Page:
AISC members are reminded that the First Quarter 2011 issue of Engineering Journal is now available online in digital edition format. Members can view, print, and share the current issue online by clicking here.


Papers in Engineering Journal Q1 include:

  • “Analysis and Design of Steel Slit Panel Frames (SSPFs) for Seismic Areas,” by Gustavo Cortes and Judy Liu.
  • “A Simple Stepped-Column Buckling Model and Computer Algorithm,” by Jorge Vasquez and Rafael Riddell.
  • “Fillet Weld Design for Rectangular HSS Connections,” by Jeffrey A. Packer and Min Sun.
  • “Plastic Moment of Intermediate Horizontal Boundary Elements of Steel Plate Shear Walls,” by Bing Qu and Michel Bruneau.


The complete collection of Engineering Journal articles is searchable at Downloads of current and past articles in PDF format are free to AISC members and ePubs subscribers; just make sure you are logged into the AISC website before searching. Non-members will be directed to the AISC Bookstore to purchase article downloads.


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Online Voting Open for 2011 Tekla BIM Awards
Posted by Tasha Weiss on July 20, 2011 at 11:09 AM.

Vote for your favorite 3D model projects around the country! Online voting for this year’s Tekla North American BIM Awards is open to the public until Thursday, July 28. The awards program is divided into three categories: BIM, steel, and concrete. See and vote for projects by clicking on the Tekla BIM Awards website here.


Project entries vary from airports to concert halls, sculptures, stadiums and more. Your votes will decide the finalists, and the winners will be chosen by a jury of leading BIM experts inside and outside Tekla. The winners will be announced and awarded on Aug 12 at the Tekla North American User Meeting 2011 in Las Vegas. All winners in the North American program will be automatically entered into the Tekla Global BIM Awards competition.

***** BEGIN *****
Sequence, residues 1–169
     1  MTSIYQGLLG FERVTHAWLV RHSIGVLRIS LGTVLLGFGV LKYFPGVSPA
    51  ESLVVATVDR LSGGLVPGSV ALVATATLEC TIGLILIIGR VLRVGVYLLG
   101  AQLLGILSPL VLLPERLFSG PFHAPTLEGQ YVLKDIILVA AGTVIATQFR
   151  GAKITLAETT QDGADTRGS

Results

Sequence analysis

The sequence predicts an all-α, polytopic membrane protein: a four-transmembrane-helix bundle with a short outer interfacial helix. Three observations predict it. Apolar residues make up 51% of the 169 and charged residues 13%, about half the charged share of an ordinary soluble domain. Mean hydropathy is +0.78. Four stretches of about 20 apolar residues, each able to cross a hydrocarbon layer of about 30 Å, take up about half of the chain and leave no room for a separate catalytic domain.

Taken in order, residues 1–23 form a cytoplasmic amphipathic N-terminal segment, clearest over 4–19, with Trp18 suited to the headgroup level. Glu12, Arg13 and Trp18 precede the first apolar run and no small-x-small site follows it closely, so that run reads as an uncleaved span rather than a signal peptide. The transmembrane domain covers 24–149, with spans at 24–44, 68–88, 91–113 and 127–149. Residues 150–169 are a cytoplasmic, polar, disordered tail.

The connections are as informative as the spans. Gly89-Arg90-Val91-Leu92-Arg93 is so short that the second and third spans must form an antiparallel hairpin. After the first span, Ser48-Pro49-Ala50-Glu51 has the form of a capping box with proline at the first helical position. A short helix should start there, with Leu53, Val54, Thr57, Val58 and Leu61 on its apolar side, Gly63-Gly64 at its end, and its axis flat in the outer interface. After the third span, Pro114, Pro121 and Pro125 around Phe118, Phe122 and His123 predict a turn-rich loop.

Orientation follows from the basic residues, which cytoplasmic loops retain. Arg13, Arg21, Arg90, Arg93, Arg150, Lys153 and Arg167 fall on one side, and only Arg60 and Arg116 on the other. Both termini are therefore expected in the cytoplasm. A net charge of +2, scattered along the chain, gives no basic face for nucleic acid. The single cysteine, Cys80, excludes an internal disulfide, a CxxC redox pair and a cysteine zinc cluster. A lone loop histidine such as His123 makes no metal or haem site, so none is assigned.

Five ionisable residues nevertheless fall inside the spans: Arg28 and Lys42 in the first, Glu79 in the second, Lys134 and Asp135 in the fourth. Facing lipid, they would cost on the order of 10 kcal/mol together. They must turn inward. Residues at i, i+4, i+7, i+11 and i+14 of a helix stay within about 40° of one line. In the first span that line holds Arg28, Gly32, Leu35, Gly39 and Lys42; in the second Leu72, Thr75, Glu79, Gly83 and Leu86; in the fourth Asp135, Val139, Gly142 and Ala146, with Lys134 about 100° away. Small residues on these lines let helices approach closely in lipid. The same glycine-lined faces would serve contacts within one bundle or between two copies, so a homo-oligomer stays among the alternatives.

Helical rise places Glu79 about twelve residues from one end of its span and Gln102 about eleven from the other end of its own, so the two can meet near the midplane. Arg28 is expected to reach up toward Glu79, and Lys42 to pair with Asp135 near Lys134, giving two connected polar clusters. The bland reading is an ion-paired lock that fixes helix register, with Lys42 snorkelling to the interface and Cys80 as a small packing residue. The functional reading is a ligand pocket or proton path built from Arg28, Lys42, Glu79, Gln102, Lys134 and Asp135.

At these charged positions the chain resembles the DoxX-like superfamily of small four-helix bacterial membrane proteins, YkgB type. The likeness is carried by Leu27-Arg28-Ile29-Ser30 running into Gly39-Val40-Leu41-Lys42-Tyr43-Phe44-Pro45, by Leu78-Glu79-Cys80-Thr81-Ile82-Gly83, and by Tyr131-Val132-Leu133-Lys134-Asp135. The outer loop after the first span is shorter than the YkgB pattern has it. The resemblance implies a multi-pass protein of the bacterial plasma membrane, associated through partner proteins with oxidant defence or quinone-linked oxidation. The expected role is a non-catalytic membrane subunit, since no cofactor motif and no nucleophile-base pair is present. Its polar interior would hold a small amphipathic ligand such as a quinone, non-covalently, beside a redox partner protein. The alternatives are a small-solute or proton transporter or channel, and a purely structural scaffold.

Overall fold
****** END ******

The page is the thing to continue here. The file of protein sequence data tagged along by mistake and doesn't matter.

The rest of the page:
Complete program information is available on the Tekla website by clicking here.


To view the 2010 entries, including winners, start here.

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Free Electronic Resource Available on Reducing Risks of Earthquake Damage
Posted by Tasha Weiss on July 19, 2011 at 10:09 AM.

The Applied Technology Council (ATC) and the Federal Emergency Management Agency (FEMA) introduce a free electronic document for use by non-engineers titled, “FEMA E-74, Reducing the Risks of Nonstructural Earthquake Damage; A Practical Guide, Fourth Edition.”


This guide explains the sources of earthquake damage that can occur in nonstructural components and provides information on effective methods for reducing risk associated with nonstructural earthquake damage. It is a valuable resource particularly for building owners, facility managers, maintenance personnel, store or office managers, corporate or agency department heads, and homeowners.


The electronic document and a table of contents can be found on FEMA’s website, here. Download the PDF from the FEMA Library.


AISC recently released a free electronic document, “Facts for Steel Buildings Number 3: Earthquakes and Seismic Design,” the newest installment in the Facts series. Download the PDF from AISC’s website. For more information on this publication visit our previous news post, here.